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How does circular motion in a cone without gravity work?

  1. Apr 29, 2012 #1
    How does circular motion in a cone without gravity work?
    If I have an object and I let it circle through the inside of a cone (with gravity) the two forces that act on the object are gravity and the support force. The resultant of the two forces lies on the plane of the circular motion and is therefore the provides the centripetal force to keep the object in a circular motion. This I completely understand

    But what if I do the same thing without gravity? would the object fly out of the cone? Would it continue in a circular path? What are the forces that act on the object and how do they affect the resultant?
  2. jcsd
  3. Apr 29, 2012 #2
    the path under no forces when only the reaction and may be friction is acting then it is a geodesic on a surface of revolution.
  4. Apr 29, 2012 #3


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    Let's use a cone that is infinitely large.

    Let the sliding object start in circular motion, perpendicular to the main axis of the cone. The object is released to free sliding motion along the cone.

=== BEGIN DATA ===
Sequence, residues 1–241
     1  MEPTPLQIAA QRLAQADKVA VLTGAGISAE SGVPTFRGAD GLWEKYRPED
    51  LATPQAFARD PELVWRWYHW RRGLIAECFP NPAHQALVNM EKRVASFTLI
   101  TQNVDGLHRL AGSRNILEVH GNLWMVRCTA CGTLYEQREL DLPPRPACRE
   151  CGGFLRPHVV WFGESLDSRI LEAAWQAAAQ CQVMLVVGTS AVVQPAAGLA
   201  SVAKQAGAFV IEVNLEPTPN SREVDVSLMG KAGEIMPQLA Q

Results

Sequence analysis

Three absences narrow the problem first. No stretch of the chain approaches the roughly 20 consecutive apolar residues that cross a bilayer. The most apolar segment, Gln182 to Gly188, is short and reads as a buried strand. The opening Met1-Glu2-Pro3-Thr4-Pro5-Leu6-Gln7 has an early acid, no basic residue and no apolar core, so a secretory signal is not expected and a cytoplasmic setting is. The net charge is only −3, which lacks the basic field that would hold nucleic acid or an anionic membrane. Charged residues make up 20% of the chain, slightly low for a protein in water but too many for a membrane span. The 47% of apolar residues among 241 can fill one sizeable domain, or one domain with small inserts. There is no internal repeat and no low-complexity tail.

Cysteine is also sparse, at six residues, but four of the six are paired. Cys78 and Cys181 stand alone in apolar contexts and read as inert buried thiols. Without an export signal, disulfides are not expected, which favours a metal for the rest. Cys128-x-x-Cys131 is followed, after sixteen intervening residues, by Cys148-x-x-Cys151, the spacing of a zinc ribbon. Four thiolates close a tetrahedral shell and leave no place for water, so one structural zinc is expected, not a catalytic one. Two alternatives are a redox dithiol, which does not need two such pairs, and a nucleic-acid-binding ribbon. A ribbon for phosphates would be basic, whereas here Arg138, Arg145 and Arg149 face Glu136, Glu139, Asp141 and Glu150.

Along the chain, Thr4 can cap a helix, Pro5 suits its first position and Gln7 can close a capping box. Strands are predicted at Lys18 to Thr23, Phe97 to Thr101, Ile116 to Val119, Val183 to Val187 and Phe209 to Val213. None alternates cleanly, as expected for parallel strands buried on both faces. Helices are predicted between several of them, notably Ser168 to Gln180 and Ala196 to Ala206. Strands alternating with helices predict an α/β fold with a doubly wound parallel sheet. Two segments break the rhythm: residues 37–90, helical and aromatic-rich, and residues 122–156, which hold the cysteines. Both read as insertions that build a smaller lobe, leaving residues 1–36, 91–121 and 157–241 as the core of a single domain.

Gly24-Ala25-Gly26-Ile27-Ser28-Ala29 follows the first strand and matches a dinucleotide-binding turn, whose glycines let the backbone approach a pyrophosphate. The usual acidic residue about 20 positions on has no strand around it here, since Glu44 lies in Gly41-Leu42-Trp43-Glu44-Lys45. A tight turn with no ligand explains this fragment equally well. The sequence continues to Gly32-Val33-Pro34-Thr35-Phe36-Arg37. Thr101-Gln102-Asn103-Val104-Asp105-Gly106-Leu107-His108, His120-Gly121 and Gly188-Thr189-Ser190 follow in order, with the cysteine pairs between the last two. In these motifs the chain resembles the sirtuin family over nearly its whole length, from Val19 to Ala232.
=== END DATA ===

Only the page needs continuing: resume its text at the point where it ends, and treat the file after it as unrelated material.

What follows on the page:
The object will move away from the central axis of the cone. As the object moves away from the central axis the angular velocity around the central axis decreases all the time, and the velocity component away from the central axis increases all the time. In other words, rotational kinetice energy will convert all the time to kinetic energy of linear motion away from the central axis.

    My hunch is that the angular velocity will appoach zero, just as in the case of motion over a flat surface. The sharper the cone the longer it will take to get to the point of approaching zero angular velocity, but I think that for every cone the angular velocity will eventually approach zero.
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